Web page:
Davidson: Anyone who knows me or who’s familiar with my work and Twitter presence knows I’ve had a soft spot for Andrew Wiggins since he was traded to the Timberwolves in 2014. I have probably granted him more leniency than the average Wolves fan. I’ve been deemed the mayor of Wiggins Island a time or two, and it’s been a lot easier to hold that title this season.

StatMuse reminded us of Wiggins’ improvement after he recorded 25 points in the Wolves’ Monday night win over the Hawks.

After his first 14 games of the season, Wiggins is averaging a career-high 25.2 points per game, but that’s not the most impressive part of his 2019-20 season. Wiggins is now finding ways other than scoring to impact his team’s success. Wiggins is also averaging career-highs in rebounds (5.2 per game), assists (3.4) and blocks (1.1). His effective field goal percentage is at a career-best of 52.4, and he’s also shooting a career-best 46.9 from the field.

David Sherman/NBAE via Getty Images

Wiggins’ offseason dedication to his ballhandling has shone through in his improved handle and field goal percentage in the restricted area, and he’s definitely taken to heart Ryan Saunders’ and Gersson Rosas’ pleas that he follow their system—that means ditching his midrange shot. We’ve seen more of it since Wiggins returned from missing two games after the death of his grandmother and another due to illness, but after Monday’s game, Wiggins has only shot 47 midrange shots (per NBA.com) this season and has logged 100 field goal attempts in the restricted area. After his first 14 games of the 2018-19 season, he had attempted 62 midrange shots and just 53 restricted area attempts. I’d like to see Wiggins’ midrange attempts continue to dwindle, but I’m liking what I’ve seen from him so far this year.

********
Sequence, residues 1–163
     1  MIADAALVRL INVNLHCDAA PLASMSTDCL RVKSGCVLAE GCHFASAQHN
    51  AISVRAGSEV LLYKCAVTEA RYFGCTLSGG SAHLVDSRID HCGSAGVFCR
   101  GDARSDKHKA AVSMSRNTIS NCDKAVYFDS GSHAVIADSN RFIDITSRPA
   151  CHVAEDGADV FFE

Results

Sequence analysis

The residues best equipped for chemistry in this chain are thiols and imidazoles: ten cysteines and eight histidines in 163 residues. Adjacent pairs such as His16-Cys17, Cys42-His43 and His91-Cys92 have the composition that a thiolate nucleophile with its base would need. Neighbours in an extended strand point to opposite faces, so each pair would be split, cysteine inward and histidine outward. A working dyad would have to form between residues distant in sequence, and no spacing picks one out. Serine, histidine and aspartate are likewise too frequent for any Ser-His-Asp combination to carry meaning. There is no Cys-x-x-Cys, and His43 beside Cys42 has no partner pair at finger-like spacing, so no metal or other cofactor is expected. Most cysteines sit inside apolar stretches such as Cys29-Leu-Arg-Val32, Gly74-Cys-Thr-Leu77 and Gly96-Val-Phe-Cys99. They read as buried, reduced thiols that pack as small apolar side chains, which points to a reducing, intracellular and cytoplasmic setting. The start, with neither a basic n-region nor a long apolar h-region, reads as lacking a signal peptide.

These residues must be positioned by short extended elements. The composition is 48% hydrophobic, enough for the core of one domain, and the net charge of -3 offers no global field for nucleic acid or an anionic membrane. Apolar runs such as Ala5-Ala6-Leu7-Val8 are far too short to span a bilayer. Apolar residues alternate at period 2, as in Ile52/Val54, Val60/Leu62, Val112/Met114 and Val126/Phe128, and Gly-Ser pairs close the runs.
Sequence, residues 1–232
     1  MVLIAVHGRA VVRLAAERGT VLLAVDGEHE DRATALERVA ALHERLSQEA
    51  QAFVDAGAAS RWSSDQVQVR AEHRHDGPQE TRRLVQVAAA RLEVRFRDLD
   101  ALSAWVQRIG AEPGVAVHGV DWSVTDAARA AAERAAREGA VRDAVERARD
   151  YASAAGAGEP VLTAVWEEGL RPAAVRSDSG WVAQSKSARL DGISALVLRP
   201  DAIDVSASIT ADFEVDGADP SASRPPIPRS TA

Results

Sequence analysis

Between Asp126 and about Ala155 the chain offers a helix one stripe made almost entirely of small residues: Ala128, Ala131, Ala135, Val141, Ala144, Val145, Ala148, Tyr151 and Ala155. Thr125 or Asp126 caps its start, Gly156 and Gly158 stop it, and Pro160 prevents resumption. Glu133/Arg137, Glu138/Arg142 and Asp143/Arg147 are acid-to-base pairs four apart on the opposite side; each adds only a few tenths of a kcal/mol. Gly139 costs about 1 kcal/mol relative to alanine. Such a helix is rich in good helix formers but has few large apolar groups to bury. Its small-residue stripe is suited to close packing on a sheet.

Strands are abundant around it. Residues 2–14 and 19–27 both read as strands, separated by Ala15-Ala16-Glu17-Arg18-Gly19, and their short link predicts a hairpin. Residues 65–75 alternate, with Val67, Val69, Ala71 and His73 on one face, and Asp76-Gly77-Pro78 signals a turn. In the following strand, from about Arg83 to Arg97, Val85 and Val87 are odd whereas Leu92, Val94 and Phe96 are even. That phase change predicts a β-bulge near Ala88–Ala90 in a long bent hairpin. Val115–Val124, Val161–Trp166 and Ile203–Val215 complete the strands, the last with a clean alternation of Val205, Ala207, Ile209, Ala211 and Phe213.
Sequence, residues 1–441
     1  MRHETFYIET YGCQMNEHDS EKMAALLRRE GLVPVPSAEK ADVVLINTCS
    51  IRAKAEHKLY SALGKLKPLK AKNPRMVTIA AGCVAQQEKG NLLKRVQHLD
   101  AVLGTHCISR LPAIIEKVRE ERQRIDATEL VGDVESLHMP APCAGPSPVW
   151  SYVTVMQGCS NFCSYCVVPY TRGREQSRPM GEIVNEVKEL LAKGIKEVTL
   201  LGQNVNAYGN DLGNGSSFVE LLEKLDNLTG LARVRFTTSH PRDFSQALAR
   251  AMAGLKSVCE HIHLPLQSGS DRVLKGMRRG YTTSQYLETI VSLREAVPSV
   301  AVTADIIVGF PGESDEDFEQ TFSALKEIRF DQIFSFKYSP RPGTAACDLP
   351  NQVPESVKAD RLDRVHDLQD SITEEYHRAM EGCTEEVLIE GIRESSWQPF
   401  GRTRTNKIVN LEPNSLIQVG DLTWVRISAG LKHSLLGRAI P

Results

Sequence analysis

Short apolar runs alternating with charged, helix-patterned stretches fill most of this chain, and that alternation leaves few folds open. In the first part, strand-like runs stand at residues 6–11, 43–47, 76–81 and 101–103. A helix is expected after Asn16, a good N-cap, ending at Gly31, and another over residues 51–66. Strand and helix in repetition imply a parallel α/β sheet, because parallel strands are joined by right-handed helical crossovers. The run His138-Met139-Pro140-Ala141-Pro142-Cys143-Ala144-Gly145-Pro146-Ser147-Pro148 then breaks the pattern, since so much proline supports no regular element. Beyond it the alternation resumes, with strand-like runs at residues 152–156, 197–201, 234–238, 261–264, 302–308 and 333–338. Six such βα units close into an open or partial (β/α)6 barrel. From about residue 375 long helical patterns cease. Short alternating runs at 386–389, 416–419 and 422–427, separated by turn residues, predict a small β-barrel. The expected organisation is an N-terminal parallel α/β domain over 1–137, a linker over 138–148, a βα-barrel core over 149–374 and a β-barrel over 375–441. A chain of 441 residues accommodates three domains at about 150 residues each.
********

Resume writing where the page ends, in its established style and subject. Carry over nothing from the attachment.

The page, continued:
Dean: Jamal Murray in Denver. I’m very impressed with his game and I feel he is doing more for Denver right now than Jokic and helping them win games. He plays so aggressive attacking the rim and is playing very well at the 3-point line. 

Andrew D. Bernstein/NBAE via Getty Images

Morris: Pascal Siakam. I can fully admit that I was wrong about Sikhism and what he can do on the court. I thought that with the absence of Kawhi he would struggle being the number one option. I didn’t trust his ability to consistently create his own shot or hit above the break 3-pointers. So far this season he’s putting up a healthy 25.7 PPG, 8.4 RPG and 4 APG and the Raptors are 12-4 (tied for second in the East). Looking back and considering his work ethic, it probably wasn’t smart to bet against him. Every summer Siakam has added something to his offensive bag. He gets like 10 easy points a game from the line, in transition or just showing the extra hustle of offensive boards while also being able to cook most bigs in isolation or overpowering smaller wing players. When you add the fact that he consistently hits outside 3s now (37 percent on 6 attempts per game) , there’s no reason so think that his production will fall off. How good Siakam has become was something that I’m happy that I was wrong about; it’s always nice to see guys develop and figure things out. 

Barry Gossage/NBAE via Getty Images